The dollar dropped to a three-week low versus the yen as U.S. payrolls added less than one-third as many jobs as forecast last month, keeping unemployment near a 26-year high and spurring speculation the recovery is faltering.
The greenback fell against all of its most-traded counterparts except the Mexican peso and Canadian dollar as the jobless rate unexpectedly rose to 9.8 percent, underscoring the Federal Reserve’s decision last month to buy government bonds to spur employment. The Swiss franc was the top performer, after Norway’s krone, as U.S. stocks fluctuated and investors sought an alternative to the dollar.
“The job numbers today vindicated the Fed and their pumping of liquidity into the economy,” said John Doyle, a strategist in Washington at currency-trading firm Tempus Consulting Inc. “The correlation of risk for the dollar broke down today, so you have risk stable but equities and the dollar losing.”
The greenback tumbled 1.5 percent to 82.53 yen, the weakest level since Nov. 15, at 5 p.m. in New York, from 83.82 yesterday. It dropped for the first week since October, losing 1.9 percent.
The dollar depreciated 1.5 percent to $1.3414 per euro, from $1.3209, and reached $1.3438, the lowest since Nov. 23. It fell against the common currency for the first week in a month, declining 1.3 percent. The euro was at 110.73 yen, unchanged from yesterday.
The Standard & Poor’s 500 Index rose in its last half-hour to end the day up 0.3 percent after declining as much as 0.4 percent.
Highest Since April
Payrolls increased by 39,000, less than the most pessimistic projection of economists surveyed by Bloomberg News, after a revised 172,000 increase the prior month, Labor Department figures showed today. The jobless rate reached the highest since April, from 9.6 percent in October.
The Fed drew criticism domestically and abroad after it said Nov. 3 it will buy $600 billion in Treasuries through June in a tactic called quantitative easing. German Finance Minister Wolfgang Schaeuble suggested the move aimed to erode the value of the greenback, and the four top Republicans in Congress wrote Bernanke expressing concern it introduced “significant uncertainty regarding the future strength of the dollar.”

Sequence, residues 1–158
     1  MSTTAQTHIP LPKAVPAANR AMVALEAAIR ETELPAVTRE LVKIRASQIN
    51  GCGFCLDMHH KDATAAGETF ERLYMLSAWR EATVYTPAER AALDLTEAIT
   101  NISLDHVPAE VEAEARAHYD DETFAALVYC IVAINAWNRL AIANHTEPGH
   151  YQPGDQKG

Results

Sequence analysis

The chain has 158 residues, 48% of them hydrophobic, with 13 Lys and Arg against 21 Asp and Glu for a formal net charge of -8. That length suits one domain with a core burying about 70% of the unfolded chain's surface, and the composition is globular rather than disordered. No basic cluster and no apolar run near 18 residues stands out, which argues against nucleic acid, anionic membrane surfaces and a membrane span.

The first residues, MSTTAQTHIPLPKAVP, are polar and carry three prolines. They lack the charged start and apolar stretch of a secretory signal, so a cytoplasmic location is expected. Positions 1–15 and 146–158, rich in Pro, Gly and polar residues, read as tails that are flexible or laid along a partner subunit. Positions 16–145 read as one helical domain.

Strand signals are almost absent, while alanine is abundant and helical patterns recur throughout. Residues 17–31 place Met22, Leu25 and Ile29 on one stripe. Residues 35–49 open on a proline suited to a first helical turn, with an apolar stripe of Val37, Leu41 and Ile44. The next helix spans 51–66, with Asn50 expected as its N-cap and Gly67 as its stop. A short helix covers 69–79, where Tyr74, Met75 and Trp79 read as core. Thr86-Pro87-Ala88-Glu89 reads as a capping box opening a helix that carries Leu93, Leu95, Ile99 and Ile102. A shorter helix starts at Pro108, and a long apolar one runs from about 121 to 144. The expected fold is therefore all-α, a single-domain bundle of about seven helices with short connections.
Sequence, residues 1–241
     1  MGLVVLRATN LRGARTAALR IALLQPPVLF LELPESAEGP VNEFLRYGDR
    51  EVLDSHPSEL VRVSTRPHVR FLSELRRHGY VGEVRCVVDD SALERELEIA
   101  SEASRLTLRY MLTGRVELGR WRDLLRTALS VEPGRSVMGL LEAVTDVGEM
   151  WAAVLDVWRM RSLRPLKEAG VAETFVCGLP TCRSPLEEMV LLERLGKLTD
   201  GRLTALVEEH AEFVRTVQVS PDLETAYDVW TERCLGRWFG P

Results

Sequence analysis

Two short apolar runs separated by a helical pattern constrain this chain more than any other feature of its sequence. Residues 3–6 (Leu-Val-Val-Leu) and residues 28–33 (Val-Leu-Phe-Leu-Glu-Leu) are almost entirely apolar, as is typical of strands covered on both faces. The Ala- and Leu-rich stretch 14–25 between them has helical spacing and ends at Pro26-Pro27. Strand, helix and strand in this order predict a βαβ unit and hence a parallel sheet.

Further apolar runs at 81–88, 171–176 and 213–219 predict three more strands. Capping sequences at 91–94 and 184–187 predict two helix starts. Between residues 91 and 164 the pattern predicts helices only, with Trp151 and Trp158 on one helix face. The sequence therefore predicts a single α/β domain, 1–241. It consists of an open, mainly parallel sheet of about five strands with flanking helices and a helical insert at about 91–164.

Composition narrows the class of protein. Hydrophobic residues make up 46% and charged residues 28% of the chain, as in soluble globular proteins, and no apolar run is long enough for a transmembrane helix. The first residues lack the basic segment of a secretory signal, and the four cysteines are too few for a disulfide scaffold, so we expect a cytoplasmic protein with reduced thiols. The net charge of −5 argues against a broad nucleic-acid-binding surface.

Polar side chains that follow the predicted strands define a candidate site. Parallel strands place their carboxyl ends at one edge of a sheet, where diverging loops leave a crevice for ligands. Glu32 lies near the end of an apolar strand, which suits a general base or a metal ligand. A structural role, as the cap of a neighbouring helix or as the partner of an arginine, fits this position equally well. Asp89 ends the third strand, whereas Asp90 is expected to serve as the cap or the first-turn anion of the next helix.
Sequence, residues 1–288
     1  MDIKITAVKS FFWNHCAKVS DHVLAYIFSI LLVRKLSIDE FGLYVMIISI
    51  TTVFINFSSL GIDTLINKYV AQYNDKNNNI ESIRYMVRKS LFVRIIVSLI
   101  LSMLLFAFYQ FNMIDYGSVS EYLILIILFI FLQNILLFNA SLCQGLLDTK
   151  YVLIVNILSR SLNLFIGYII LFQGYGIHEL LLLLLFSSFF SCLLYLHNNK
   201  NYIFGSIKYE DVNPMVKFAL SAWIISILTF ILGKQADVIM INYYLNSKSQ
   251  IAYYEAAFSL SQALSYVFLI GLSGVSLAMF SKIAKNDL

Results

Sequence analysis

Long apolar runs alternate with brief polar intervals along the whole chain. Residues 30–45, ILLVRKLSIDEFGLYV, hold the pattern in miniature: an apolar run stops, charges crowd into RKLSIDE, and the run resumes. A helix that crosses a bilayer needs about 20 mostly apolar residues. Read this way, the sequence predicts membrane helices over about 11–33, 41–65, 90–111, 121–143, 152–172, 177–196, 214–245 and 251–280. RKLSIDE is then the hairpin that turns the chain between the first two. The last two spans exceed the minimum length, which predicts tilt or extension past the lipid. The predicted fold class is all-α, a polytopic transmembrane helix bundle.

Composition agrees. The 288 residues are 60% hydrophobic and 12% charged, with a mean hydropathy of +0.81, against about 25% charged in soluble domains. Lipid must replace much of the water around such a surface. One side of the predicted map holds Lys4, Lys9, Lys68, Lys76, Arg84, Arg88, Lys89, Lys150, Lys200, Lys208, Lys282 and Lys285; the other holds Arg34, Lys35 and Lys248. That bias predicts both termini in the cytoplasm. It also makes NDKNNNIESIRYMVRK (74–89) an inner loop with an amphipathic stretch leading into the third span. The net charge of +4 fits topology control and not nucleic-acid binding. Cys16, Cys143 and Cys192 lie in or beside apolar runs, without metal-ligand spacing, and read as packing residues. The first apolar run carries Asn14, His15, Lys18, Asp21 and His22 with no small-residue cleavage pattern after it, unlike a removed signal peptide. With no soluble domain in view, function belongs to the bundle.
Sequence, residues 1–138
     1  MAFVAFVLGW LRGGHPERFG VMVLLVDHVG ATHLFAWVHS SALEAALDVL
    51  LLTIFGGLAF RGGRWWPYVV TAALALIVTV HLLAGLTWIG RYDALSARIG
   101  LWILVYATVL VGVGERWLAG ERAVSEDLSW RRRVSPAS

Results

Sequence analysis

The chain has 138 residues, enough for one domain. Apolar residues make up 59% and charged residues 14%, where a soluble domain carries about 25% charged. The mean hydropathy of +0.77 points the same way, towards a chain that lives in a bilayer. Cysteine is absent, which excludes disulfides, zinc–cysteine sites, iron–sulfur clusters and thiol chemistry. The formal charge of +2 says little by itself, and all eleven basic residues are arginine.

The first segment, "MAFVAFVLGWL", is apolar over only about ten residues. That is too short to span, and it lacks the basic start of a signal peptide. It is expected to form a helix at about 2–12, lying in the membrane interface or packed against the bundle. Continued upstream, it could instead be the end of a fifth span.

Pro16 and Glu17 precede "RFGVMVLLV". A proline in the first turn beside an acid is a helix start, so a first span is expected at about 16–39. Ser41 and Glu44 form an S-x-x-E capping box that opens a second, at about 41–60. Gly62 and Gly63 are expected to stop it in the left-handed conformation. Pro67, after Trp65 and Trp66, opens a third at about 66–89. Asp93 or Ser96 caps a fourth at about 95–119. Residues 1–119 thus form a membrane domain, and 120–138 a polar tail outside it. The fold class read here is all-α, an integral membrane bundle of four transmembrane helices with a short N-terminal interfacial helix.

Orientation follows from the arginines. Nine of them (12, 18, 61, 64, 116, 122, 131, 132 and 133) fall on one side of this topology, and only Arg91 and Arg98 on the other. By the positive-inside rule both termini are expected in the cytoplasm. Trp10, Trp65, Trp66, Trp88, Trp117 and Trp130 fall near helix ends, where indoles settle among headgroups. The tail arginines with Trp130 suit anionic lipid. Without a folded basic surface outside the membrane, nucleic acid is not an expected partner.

The employment report “is more a comment on QE,” said Steven Englander, head of Group of 10 currency strategy at Citigroup Inc. in New York. “This shifts the burden of proof onto those who say the Fed’s not going to go ahead with their program. That’s why you’re having such a big impact in the foreign-exchange market.”
The U.S. unemployment rate has held at 9.5 percent or higher since July 2009. It reached 10.1 percent in October 2009, the most since June 1983.
Switzerland’s currency surged as much as 2 percent to 97.27 centimes per dollar, the strongest level since Nov. 12, and gold for February delivery added as much as 2 percent to $1,417 an ounce as investors sought haven assets other than the greenback.
The Dollar Index, which IntercontinentalExchange Inc. uses to track the greenback against the currencies of six major U.S. trading partners including the euro and yen, fell below 80 for the first time in a week. The gauge slid 1.4 percent to 79.153.
The currencies of Canada and Mexico, which on average ship about three-quarters of their exports to the U.S., were the two worst performers among the dollar’s major peers. The Canadian dollar declined 0.1 percent to C$1.0039 per greenback, and the Mexican peso weakened 0.1 percent to 12.3369 per dollar.
‘Slaves to the U.S.’
“With Mexico and Canada, they are slaves to the U.S., so today is just a little bit of an adjustment,” said Andrew Wilkinson, senior market analyst at Interactive Brokers Group LLC in Greenwich, Connecticut. “This week risk takers acted like marathon runners sprinting for the finish line, and today’s report has served to give them a cramp. Expectations have been pared after great risk-taking throughout the week.”
The greenback fell versus the euro Dec. 1 and stocks rose as the Institute for Supply Management’s factory index showed U.S. manufacturing expanded for a 16th straight month in November. ADP Employer Services data showed American companies boosted payrolls by 93,000 jobs, more than forecast.
The euro lost 6.9 percent versus the dollar last month, the most since May, amid speculation Europe’s sovereign-debt crisis will spread from Greece and Ireland through the region.
European Central Bank President Jean-Claude Trichet assured investors yesterday that policy makers will delay their withdrawal of stimulus measures and continue its bond-buying program. The bank bought Portuguese and Irish debt again today.
The euro will fall to $1.30 in a year amid uncertainties about sovereign debt in Europe and more bailouts, according to Alan Ruskin, global head of Group of 10 foreign-exchange strategy at Deutsche Bank AG in New York.
It “obviously doesn’t look like a particularly bold call at this juncture, but pointing toward minor dollar gains eventually,” Ruskin said today in an interview on Bloomberg Radio’s “Bloomberg On the Economy” with Michael McKee and Sara Eisen.
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